Right now there is very little difference between jumbo (aka non-conforming) and conforming mortgages with 30 year fixed rates. Rates change constantly and sometimes there may be larger price difference between conforming and jumbo mortgage rates.
With the appreciation homes are seeing in the greater Seattle – King County area, home owners who purchased their home a couple years ago using an FHA mortgage may now be able to refinance into a conventional mortgage. FHA mortgages are often used when a home buyer needs a lower down payment option or if credit scores are lower. FHA jumbo mortgages offer home buyers lower down payment with higher loan amounts than what conforming mortgages will permit. There are many reasons why someone might opt for an FHA mortgage when buying a home.
A 10/1 ARM is an adjustable rate mortgage where the interest rate is fixed for the first 10 years and then may adjust at the 121st payment (after the 10 year “fixed period” is over).
After the first adjustment on the 121st month, the rate will adjust annually on the anniversary of the first adjustment date.
A “jumbo” (aka non-conforming) mortgage typically requires at least 20% down payment. Mortgage Master is now offering a non-conforming jumbo mortgage that will go up to a 90% loan to value (10% down payment) with lender paid mortgage insurance (lpmi). In the greater Seattle/King County area, jumbo mortgages are any loan amounts over $506,000 for a single family dwelling (this is also true for homes in Snohomish and Pierce County). In most other Washington state counties, the conforming loan limit is $417,000. Click here for a complete list of conforming loan limits in Washington state for 2014.
Reuters reports that Denise Dunckel, a spokes person for the FHFA recently stated “a gradual reduction in loan limits is an appropriate and effective approach to reducing taxpayer’s mortgage risk exposure”.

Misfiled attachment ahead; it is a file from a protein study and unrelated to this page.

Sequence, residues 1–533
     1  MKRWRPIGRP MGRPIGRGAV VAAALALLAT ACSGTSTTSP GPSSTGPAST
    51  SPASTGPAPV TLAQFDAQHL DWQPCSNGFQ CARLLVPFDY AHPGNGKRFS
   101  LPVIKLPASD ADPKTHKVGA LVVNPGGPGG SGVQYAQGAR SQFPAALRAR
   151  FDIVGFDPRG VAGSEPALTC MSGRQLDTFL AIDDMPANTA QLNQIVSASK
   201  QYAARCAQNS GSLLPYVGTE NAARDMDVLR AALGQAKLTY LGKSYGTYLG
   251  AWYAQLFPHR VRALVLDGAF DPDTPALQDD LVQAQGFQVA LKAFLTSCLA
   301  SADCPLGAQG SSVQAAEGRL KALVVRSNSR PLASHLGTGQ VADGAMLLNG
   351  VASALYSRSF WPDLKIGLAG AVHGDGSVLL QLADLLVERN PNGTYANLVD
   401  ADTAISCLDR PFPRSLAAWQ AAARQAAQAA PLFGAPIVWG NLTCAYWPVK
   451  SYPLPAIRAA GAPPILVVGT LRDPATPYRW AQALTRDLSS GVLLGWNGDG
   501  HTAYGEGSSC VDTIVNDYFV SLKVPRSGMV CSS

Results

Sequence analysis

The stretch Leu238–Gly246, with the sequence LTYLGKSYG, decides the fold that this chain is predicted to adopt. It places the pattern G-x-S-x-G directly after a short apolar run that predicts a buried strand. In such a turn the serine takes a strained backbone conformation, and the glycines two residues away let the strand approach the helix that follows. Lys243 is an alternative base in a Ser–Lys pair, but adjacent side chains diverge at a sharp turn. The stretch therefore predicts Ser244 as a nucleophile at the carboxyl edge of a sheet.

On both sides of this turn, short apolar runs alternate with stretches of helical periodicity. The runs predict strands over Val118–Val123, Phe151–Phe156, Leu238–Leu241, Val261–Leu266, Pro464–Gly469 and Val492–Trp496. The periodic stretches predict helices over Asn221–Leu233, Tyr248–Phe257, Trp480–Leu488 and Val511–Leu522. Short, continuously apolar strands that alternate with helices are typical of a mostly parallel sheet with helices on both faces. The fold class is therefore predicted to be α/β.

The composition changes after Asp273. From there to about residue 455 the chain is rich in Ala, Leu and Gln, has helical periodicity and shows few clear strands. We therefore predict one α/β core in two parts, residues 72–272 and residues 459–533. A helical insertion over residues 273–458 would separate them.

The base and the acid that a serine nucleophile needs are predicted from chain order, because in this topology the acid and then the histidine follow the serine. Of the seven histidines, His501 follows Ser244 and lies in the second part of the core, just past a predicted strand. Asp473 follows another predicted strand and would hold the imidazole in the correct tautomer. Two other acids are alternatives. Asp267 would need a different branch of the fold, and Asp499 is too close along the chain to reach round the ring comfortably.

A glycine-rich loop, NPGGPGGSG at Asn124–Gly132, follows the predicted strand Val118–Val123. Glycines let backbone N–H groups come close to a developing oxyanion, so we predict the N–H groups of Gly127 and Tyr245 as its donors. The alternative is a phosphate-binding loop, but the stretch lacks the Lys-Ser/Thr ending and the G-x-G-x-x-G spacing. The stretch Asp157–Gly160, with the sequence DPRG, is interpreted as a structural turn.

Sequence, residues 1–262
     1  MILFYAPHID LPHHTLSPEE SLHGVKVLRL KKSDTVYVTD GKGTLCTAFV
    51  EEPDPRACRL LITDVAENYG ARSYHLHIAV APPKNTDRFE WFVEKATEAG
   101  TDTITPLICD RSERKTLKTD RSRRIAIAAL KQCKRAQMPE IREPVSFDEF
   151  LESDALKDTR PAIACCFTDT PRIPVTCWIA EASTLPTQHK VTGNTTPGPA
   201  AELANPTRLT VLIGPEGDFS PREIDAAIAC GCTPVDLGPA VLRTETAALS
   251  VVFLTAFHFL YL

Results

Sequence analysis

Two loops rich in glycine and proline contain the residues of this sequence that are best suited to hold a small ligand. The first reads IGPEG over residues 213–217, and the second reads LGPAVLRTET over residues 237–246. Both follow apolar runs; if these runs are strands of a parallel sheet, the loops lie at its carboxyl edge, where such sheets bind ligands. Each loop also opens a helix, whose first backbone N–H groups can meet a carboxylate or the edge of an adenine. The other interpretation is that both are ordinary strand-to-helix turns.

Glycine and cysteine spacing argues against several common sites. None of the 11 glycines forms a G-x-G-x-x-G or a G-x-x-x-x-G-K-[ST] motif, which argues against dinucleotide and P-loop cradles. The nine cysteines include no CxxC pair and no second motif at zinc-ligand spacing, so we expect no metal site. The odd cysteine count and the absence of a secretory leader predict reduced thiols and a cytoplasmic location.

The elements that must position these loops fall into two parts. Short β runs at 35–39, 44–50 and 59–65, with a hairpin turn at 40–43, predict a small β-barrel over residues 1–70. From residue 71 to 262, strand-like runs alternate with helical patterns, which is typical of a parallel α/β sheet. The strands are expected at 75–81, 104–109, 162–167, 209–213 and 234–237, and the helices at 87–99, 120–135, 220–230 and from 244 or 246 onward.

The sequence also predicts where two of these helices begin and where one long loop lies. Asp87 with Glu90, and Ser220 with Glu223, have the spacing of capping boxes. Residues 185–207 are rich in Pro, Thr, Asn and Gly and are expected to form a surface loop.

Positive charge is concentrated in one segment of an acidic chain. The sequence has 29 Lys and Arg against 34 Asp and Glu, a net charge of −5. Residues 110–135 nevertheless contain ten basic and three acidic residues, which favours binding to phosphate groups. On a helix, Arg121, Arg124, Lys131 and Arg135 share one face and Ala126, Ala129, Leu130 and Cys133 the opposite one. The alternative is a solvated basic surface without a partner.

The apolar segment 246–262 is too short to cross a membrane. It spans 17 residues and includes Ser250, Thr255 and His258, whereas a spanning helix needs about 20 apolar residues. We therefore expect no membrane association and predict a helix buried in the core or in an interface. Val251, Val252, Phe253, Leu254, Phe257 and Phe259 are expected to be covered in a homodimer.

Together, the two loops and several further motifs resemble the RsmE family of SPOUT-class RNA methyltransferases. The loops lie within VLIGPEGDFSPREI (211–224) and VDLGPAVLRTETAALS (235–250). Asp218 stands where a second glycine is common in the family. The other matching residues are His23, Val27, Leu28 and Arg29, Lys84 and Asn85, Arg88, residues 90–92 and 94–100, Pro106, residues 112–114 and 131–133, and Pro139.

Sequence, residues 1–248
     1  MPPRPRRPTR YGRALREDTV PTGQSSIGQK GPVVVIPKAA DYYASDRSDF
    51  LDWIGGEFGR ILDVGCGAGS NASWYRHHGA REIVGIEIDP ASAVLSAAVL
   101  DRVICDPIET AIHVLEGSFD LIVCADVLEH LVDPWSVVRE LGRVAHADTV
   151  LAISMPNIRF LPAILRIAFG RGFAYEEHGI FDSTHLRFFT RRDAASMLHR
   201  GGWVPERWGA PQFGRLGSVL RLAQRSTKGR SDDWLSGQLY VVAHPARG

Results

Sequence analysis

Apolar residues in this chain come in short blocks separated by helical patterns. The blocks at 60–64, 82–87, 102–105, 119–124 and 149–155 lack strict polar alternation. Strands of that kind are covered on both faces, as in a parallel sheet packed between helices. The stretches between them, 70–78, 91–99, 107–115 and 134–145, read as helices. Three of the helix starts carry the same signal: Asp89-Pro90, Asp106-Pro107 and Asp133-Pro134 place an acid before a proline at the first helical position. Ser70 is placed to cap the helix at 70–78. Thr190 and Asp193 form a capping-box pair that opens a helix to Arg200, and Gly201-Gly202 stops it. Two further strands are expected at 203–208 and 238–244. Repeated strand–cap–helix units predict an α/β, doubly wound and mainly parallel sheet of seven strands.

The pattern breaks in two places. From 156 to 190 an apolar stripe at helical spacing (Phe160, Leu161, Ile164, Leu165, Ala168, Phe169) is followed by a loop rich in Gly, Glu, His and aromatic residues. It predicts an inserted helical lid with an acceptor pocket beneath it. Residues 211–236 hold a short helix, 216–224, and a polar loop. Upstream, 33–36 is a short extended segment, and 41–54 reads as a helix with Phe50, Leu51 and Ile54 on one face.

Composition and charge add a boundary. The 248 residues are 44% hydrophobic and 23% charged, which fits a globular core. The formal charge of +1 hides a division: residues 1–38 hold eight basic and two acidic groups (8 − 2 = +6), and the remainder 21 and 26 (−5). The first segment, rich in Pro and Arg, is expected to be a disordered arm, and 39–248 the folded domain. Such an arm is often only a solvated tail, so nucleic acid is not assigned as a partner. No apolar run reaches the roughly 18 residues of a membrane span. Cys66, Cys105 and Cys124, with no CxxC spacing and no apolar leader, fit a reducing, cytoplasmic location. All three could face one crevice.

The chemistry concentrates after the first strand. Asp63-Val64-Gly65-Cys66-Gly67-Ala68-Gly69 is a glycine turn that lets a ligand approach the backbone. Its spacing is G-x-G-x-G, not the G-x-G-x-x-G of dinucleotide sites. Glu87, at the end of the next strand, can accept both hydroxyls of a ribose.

Today HUD issued a press release confirming pending changes to help bolster FHA’s capital reserves.
“These are essential and appropriate measures to manage and protect FHA’s single-family insurance programs” said Galante. “In addition to protecting the MMI Fund, these changes will encourage the return of private capital to the housing market, and make sure FHA remains a vital source of affordable and sustainable mortgage financing for future generations of American homebuyers.”
Some of the changes to take place with HUD have already been announced. Here are a few points from today’s press release
- FHA annual mortgage insurance will remain on the mortgage for the life of the loan. This is the mortgage insurance that is paid monthly. Once this goes into effect, home owners will need to either refinance to a non-FHA loan or pay it off to no longer have mortgage insurance.
- Mortgage insurance is set to increase. The annual mortgage insurance (remember, this is the one that is paid monthly) is set to increase by 0.10 basis points. FHA Jumbos will see an increase in the mortgage insurance by 0.05%.